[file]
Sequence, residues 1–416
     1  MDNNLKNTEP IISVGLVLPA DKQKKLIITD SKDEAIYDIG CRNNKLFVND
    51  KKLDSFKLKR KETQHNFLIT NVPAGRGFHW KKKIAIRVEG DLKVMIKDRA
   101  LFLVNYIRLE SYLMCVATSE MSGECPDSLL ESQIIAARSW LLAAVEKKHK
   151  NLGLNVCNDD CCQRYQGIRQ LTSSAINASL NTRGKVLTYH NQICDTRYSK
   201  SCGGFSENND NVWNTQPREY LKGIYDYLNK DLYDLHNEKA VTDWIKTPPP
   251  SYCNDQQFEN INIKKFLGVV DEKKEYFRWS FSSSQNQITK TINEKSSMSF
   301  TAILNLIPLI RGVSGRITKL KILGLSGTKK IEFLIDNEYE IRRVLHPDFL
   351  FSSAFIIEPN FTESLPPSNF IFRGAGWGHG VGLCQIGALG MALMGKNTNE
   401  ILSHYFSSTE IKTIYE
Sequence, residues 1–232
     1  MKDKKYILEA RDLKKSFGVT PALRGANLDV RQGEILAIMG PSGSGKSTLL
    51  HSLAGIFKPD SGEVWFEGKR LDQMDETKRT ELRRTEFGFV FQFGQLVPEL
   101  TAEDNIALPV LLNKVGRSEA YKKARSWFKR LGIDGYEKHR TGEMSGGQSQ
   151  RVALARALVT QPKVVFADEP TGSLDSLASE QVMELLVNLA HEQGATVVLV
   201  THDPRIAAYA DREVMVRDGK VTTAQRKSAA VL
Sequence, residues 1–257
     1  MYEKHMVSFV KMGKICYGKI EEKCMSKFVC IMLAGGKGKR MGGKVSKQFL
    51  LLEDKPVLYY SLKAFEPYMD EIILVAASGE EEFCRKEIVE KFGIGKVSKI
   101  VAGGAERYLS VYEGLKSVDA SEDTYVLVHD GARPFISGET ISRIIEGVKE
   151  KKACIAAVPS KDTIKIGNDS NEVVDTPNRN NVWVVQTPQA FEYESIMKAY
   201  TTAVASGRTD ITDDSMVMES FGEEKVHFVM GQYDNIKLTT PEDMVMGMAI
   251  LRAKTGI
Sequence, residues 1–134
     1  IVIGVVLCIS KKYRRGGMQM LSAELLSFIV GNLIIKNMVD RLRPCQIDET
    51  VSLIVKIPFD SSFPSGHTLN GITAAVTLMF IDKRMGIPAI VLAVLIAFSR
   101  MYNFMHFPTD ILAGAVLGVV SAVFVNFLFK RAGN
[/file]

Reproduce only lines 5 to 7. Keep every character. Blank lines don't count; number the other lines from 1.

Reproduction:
   151  NLGLNVCNDD CCQRYQGIRQ LTSSAINASL NTRGKVLTYH NQICDTRYSK
   201  SCGGFSENND NVWNTQPREY LKGIYDYLNK DLYDLHNEKA VTDWIKTPPP
   251  SYCNDQQFEN INIKKFLGVV DEKKEYFRWS FSSSQNQITK TINEKSSMSF